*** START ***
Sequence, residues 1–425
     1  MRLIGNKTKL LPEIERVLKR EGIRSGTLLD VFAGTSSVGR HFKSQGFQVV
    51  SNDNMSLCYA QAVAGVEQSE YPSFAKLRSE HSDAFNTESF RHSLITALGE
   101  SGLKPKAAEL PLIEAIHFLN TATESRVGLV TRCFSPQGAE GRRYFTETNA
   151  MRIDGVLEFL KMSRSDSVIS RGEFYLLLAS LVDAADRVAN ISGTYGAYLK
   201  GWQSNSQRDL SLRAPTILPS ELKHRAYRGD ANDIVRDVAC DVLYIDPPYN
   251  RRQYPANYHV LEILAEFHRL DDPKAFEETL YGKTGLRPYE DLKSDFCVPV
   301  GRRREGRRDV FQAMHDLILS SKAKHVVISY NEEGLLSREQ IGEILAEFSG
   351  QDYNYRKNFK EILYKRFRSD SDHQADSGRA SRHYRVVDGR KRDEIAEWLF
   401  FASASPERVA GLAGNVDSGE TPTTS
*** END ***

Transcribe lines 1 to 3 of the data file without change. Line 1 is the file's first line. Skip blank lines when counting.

Sequence, residues 1–425
     1  MRLIGNKTKL LPEIERVLKR EGIRSGTLLD VFAGTSSVGR HFKSQGFQVV
    51  SNDNMSLCYA QAVAGVEQSE YPSFAKLRSE HSDAFNTESF RHSLITALGE